The four golden rings (symbol of what is eternal), one in each corner, verse 12, used to carry the ark, may represent the four Gospels, which are the means by which Christ is “carried” to the world by means of the eternal Word.  Since four is the number of earth and testing, their being four, would remind us that the Word, in which Christ is presented as the Savior of the world, is that by which every man will eventually be tested or judged, “He that rejecteth Me, and receiveth not My words, hath one that judgeth him: the word that I have spoken, the same shall judge him in the last day,” Jn 12:48.

The two staves, inserted through the rings as the means of carrying the ark, may represent the Old and New Testaments, for as the ark was confined between them, so was Christ “confined” by the written Word.  All that is to be known of Him is written there.  It is only the limitation of our finite minds that prevents us from seeing Him clearly, “For now we see through a glass, darkly; but then face to face: now I know in part; but then shall I know even as also I am known,” 1 Cor 13:12.

“And thou shalt put into the ark the testimony (the tables of the law) which I shall give thee,” verse 16; but Heb 9:4 adds that in addition there were also placed in the ark the golden pot of manna, and Aaron’s rod that budded.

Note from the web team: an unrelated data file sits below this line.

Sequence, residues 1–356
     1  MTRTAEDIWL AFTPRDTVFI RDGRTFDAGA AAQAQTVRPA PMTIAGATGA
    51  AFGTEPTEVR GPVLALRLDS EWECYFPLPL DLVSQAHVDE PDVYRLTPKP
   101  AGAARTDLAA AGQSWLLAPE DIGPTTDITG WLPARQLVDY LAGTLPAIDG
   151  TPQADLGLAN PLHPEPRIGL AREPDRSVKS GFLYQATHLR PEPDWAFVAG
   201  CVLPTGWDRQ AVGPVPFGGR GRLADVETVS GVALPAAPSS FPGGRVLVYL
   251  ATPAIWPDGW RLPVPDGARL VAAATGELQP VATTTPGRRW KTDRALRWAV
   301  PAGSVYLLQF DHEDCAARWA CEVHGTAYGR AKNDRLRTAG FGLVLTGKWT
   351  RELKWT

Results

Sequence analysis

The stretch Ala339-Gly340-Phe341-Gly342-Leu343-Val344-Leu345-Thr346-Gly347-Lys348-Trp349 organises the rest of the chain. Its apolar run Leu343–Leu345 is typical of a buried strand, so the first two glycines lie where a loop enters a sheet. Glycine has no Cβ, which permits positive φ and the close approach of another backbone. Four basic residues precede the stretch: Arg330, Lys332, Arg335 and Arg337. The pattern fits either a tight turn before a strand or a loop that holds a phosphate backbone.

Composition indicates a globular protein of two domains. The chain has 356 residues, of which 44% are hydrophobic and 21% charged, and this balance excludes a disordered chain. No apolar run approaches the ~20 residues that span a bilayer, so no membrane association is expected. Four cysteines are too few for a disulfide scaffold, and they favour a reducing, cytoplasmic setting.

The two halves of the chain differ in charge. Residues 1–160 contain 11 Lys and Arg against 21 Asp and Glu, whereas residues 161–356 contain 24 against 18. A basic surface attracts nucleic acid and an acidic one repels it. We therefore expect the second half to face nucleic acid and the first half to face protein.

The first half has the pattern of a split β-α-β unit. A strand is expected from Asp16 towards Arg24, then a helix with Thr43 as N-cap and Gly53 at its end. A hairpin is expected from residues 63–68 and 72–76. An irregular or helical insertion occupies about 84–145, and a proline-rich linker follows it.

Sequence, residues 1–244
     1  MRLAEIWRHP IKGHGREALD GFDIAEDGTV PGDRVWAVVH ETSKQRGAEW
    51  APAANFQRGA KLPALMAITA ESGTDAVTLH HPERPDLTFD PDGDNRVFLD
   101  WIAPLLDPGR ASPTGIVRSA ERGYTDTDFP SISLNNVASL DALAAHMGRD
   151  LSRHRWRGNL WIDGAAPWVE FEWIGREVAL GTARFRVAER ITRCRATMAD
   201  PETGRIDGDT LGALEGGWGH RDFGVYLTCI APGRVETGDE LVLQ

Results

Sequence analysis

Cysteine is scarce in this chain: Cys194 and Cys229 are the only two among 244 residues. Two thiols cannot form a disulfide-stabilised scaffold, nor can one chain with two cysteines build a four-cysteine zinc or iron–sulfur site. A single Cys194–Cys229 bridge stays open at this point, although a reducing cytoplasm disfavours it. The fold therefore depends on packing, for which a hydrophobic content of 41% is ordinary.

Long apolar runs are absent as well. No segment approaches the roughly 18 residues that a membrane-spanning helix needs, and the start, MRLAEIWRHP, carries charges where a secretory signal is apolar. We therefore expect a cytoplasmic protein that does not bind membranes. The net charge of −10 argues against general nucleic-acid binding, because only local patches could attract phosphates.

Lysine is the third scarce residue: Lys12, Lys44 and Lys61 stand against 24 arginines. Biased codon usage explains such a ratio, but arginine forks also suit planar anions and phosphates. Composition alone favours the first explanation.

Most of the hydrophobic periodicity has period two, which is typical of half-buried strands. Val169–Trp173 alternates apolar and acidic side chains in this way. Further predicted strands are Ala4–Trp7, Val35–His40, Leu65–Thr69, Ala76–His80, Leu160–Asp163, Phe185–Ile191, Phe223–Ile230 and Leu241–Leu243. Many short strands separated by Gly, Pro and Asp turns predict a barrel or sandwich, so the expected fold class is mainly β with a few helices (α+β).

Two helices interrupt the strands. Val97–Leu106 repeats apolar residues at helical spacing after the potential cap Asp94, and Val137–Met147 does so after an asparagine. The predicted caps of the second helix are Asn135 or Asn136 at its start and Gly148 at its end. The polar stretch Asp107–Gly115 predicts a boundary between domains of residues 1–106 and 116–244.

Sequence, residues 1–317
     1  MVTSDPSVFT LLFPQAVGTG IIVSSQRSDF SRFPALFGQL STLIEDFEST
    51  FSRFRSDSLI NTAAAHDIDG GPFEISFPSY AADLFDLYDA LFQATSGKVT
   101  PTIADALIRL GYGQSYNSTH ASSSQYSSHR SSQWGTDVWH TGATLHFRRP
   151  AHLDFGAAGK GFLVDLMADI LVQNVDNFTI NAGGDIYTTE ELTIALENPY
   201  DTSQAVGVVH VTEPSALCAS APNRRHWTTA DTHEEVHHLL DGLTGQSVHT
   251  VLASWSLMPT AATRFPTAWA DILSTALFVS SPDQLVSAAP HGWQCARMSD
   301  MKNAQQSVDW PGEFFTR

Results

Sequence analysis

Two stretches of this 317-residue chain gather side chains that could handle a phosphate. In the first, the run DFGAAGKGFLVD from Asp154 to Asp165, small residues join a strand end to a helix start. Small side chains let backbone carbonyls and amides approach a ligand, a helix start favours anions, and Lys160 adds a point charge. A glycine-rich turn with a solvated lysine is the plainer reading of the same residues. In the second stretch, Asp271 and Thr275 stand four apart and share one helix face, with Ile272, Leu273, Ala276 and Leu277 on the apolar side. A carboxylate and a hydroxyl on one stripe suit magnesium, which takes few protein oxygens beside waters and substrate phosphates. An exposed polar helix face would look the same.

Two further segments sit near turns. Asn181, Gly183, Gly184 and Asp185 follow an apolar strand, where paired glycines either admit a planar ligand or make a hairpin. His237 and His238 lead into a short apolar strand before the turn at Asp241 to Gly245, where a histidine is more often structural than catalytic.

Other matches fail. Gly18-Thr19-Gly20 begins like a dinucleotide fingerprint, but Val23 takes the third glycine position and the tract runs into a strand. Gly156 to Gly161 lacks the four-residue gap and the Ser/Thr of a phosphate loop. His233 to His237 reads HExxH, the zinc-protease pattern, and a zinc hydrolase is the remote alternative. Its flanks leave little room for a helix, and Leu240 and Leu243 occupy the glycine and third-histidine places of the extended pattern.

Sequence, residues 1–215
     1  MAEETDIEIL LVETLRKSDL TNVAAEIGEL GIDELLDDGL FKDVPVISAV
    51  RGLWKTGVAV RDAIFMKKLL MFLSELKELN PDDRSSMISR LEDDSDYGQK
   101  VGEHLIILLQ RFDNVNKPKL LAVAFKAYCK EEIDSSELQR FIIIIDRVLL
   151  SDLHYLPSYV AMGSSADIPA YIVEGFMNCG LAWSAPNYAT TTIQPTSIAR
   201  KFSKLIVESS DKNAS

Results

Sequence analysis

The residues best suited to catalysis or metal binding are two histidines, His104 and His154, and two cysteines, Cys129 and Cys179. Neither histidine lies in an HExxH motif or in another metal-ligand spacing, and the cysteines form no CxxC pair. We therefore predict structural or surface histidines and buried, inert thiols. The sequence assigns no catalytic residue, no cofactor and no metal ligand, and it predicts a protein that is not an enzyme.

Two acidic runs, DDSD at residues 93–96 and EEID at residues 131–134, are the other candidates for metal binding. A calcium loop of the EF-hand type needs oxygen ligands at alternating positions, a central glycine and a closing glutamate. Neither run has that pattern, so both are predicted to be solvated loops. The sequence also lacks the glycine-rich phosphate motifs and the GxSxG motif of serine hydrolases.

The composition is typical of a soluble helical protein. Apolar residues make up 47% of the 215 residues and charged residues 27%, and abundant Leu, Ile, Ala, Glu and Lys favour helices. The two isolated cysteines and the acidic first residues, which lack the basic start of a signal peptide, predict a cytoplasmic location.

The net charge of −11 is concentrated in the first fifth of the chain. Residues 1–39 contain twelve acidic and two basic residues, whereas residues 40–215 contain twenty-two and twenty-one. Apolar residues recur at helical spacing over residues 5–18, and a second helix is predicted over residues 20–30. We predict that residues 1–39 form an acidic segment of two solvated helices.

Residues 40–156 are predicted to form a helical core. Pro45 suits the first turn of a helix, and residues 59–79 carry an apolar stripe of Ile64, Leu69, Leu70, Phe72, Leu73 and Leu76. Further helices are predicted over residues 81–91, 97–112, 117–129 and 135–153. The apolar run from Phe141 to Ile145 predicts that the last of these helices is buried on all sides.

Since the ark is a type of Christ, these things within it represent things that were in Him, and certainly the symbols aren’t hard to decipher.  Ps 40:8 translates the symbol of the tables of the law, for it must be remembered that “the law” is used frequently to designate the Word of God, “I delight to do thy will, O my God: yea, thy law is within my heart.”  Christ’s every thought, word and deed were governed by the Scriptures.

Since the manna is a type of Christ as the spiritual food that nourishes the believer’s new life, this representative portion preserved in the golden pot reminds us that that same Christ Who walked the earth, despised and rejected, as the Living Word, is crowned now with glory and honor in heaven.

In Aaron’s burgeoning rod (it miraculously bore buds, blossoms, and almonds all at the same time, in spite of having been cut off from the tree), Nu 17:8, we have a vivid picture of Him, Who having been “cut off” at Calvary, is “the resurrection and the life,” Jn 11:25, giving to all who trust Him, life more abundant.